At the end of the day, so what if I lost? It was a lot of fun to compete, and I met some great people, and had really great food and beer. And there is some rumor the competition is returning next year. That means I have a year to plan, and my vengeance will be sweet...(insert maniacal laughter here.) Just kidding...or am I?

Until Next Time,
Andrew

Wednesday, May 16, 2012

The Dumpling Experiment: Day 2


It is now 5 days until the Pittsburgh Dumpling Experiment, and this led to the next round of training. After yesterday's serviceable trial (good, but somewhat disappointing) I tweaked the recipe. The specific issue with yesterday was the pierogie was 1) flat tasting, and 2) too heavy/ chewy. In order to counteract this, I upped the sodium chloride, and made the dumpling thinner. This seemed to work. And so, I present the results:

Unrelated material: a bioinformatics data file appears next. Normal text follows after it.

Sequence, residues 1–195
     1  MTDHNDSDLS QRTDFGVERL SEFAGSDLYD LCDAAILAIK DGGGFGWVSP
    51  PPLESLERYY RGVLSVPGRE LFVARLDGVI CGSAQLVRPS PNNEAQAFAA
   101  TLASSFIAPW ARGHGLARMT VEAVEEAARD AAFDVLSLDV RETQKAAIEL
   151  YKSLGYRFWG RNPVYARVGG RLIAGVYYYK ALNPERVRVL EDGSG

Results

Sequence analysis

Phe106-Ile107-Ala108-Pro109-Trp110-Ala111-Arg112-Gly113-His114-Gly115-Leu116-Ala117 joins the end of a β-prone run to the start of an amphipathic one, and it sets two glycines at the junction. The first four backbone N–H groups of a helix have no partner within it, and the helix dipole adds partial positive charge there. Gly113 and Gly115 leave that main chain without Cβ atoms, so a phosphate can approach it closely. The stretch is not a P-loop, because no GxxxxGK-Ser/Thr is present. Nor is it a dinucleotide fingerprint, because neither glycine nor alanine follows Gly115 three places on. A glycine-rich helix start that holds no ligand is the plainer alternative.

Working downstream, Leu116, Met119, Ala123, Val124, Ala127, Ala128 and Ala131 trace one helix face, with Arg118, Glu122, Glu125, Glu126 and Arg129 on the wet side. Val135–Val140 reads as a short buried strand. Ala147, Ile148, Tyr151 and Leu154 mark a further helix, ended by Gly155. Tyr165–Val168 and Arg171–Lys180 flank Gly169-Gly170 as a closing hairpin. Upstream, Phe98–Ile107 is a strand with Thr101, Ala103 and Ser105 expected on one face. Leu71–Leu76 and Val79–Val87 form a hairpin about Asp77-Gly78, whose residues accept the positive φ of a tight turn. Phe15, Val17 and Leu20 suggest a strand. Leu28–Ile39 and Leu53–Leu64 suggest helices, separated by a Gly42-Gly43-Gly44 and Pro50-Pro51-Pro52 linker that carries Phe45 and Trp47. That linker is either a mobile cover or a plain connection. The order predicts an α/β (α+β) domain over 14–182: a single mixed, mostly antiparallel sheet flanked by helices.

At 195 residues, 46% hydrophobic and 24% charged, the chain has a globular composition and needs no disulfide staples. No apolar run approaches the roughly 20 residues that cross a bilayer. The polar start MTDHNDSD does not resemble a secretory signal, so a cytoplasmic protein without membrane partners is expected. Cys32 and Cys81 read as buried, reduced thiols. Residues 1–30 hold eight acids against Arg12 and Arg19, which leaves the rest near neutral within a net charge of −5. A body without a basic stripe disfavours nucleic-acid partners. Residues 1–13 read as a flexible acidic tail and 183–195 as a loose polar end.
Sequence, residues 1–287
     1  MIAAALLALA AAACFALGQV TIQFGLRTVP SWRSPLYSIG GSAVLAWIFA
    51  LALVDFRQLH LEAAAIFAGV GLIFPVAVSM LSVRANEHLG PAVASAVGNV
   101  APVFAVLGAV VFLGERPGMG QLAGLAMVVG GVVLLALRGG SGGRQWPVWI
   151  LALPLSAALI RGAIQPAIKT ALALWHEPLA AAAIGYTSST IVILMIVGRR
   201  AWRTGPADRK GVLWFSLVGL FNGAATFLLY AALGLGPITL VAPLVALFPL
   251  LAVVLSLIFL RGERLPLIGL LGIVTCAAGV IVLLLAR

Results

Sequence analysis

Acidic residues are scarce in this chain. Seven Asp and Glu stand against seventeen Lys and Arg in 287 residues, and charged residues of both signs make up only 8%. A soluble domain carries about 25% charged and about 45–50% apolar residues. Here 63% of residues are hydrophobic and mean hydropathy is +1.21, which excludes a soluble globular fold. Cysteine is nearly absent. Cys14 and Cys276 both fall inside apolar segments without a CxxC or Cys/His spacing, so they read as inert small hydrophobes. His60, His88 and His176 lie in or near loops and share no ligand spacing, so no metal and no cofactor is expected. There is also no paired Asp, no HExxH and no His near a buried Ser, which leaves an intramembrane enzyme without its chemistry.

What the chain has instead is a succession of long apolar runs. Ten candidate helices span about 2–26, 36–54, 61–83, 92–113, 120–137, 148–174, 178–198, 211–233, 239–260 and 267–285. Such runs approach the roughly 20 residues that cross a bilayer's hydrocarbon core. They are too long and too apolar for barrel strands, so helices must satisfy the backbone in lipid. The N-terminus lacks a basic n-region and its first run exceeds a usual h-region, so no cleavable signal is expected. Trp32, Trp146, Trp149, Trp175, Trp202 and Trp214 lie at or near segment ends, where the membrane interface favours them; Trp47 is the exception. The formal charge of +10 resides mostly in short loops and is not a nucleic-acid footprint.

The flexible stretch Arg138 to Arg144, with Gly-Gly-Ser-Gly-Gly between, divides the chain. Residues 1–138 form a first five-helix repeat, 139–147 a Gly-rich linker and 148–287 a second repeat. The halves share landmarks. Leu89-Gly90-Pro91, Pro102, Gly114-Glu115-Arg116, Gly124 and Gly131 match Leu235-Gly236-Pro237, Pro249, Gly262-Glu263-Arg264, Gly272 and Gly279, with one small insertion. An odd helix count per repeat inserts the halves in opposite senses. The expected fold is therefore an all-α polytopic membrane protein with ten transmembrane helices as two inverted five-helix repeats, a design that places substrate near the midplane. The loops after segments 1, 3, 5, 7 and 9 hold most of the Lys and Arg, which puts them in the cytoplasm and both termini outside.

Title: Pierogies-Mark II
Positives: These are pierogies, and they are pretty good. I could eat a lot of these.
Negatives: The dough is a little difficult to work with, and as a result, the pierogies need some help in the cosmetics department.
Possible Improvements: I need to reshape them in order to present a better appearance. I think I have the dough down, and now it is time to perfect the filling.
Final Result: Good.


The Dumpling Experiment: Day 1